Okay, this last recipe didn’t work the first time. I threw some sugar in the pan with the juice, added some conventional pectin… and it didn’t gel. I know what I did wrong: I didn’t use enough sugar. Now I have 5 jars of apple-pear syrup. Good for mixed drinks or pouring over a porous cake. The lesson here: Live and learn and rename it something fabulous if it doesn’t turn out. Once I doubled a recipe for chocolate-chip cookies. Except I forgot to double the flour. The doughballs melded into one. No worries though, right? I cut the Pangea cookie into squares and called them Toffee Bars. Delicious!
(UPDATE 9/15!) Um… it didn’t work the second time EITHER. Pomona’s pectin takes time to gel. You won’t normally see the gel until the jar and contents have completely cooled. I went to wipe down my jars of “jelly” last night… and they hadn’t gelled. So now I have MORE jars of syrup. This stuff doesn’t have added sugar, so I guess I could always just drink it, but I don’t know why it didn’t work! I created this recipe directly from the instructional pamphlet that comes in the pectin box. Any ideas?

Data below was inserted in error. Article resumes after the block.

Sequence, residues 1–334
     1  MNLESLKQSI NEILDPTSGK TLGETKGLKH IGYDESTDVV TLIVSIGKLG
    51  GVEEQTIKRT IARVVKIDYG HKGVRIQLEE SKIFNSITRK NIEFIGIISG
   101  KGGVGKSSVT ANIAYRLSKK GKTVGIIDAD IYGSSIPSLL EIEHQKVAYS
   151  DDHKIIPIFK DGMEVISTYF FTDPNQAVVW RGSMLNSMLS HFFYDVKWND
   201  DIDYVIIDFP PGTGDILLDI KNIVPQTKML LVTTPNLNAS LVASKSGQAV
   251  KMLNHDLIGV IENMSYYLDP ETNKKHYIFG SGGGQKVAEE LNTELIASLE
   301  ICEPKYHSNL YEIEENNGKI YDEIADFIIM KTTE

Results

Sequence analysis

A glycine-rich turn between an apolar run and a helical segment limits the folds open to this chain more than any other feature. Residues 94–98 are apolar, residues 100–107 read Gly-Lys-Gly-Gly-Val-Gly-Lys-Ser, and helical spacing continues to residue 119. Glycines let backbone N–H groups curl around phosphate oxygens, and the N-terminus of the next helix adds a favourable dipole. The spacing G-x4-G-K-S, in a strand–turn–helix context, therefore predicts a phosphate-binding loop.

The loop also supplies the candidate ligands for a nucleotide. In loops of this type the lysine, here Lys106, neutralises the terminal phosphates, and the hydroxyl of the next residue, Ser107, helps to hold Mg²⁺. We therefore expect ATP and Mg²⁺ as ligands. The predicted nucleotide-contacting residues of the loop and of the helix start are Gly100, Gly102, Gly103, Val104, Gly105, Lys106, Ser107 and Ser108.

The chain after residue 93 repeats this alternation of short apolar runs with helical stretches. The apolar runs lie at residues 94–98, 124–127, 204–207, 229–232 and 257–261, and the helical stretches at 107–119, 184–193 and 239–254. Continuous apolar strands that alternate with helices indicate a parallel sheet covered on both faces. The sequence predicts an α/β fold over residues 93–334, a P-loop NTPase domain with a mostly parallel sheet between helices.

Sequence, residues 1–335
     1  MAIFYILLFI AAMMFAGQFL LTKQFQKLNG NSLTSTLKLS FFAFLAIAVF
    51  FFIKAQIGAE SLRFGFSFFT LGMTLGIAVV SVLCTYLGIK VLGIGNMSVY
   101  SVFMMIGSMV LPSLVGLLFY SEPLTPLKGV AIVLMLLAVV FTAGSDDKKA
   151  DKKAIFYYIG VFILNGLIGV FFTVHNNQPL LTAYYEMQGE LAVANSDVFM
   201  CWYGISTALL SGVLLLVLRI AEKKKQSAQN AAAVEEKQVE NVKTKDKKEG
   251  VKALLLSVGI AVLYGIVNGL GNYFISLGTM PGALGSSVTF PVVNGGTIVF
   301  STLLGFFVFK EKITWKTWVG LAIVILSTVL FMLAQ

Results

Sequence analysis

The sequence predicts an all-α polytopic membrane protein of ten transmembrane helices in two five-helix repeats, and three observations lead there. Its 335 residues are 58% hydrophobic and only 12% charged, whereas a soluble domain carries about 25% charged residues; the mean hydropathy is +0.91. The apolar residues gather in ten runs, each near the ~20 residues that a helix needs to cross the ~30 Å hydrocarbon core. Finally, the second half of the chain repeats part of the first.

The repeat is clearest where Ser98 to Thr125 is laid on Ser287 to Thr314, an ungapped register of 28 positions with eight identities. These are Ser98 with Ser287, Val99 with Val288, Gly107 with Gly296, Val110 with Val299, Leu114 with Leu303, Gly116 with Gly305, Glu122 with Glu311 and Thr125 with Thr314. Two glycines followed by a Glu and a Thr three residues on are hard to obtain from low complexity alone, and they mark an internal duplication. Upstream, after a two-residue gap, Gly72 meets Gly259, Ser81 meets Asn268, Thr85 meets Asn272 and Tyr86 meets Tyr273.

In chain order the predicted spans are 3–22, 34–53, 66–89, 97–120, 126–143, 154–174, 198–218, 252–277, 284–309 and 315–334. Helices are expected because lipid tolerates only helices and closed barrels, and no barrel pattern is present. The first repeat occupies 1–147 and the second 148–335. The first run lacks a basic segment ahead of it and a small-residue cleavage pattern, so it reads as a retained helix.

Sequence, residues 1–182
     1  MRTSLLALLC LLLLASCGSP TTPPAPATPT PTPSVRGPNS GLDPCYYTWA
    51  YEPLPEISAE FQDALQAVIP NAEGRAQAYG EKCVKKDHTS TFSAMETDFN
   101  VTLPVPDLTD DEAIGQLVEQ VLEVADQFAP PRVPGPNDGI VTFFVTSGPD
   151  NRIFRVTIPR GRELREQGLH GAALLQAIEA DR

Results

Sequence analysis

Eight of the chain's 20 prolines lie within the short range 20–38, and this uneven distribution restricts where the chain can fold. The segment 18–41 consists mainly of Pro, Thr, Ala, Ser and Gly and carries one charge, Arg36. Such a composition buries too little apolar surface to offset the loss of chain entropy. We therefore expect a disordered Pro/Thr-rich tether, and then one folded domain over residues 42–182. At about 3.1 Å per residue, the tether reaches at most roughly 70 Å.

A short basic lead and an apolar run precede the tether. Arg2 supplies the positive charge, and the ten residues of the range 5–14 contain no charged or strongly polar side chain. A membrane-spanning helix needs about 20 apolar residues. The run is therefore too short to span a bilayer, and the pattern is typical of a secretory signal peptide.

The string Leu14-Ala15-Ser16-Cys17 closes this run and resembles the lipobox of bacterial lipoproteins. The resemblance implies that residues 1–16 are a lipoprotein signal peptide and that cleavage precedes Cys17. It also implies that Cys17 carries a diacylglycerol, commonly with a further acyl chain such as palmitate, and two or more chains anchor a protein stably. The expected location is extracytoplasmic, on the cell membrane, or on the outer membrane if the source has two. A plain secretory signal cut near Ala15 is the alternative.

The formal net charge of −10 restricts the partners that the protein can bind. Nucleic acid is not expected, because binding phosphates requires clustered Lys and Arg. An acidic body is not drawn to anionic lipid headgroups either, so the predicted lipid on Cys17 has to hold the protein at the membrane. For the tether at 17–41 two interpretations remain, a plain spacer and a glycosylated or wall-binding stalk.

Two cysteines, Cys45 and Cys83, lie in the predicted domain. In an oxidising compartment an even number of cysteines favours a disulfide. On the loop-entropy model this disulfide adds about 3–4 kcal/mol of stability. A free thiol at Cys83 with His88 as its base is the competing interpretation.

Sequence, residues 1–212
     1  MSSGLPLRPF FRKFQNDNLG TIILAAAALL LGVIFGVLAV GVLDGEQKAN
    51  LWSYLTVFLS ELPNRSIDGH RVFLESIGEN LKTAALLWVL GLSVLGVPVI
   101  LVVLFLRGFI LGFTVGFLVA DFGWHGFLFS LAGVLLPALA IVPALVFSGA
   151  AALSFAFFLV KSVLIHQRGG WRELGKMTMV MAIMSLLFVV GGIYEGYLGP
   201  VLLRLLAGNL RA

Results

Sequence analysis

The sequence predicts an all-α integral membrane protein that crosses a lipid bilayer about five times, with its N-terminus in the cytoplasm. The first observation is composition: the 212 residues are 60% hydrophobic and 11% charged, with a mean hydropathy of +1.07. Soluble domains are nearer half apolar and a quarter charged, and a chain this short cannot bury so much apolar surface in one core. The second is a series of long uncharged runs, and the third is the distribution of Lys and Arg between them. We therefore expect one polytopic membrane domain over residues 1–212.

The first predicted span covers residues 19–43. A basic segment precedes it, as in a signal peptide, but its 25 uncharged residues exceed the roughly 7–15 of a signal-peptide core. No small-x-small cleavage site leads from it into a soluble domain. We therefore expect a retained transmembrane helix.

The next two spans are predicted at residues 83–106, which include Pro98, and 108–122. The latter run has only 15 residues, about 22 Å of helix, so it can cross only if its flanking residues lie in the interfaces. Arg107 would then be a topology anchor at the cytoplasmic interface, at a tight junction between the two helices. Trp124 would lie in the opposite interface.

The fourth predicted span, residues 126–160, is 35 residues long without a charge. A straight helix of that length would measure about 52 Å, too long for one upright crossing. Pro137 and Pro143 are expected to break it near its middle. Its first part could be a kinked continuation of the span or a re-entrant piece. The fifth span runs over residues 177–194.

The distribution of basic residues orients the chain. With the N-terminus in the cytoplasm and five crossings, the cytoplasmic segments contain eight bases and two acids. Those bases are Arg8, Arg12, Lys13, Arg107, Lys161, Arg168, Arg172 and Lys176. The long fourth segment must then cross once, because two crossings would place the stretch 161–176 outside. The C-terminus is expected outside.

Recommended accompaniment: “Another Saturday Night,” by Cat Stevens
If you like to can your own jams and preserves, you may, like me, be aghast at the amount of sugar you quickly go through in putting up your spreads. Most pectin requires a certain amount of sugar to gel, and some recipes don’t even use pectin, but have you boil the fruit until it reaches the gelling point (220˚ at sea level).
You don’t need to worry about peeling the fruits (except kiwi). After everything had simmered for a while and gotten soft, I ran it all through my Foley food mill, but if you don’t have a food mill, you could just chop everything really small to begin with, or blend it after some simmering. I like the applesauce-like texture a food mill makes.
Makes 7 half-pint jars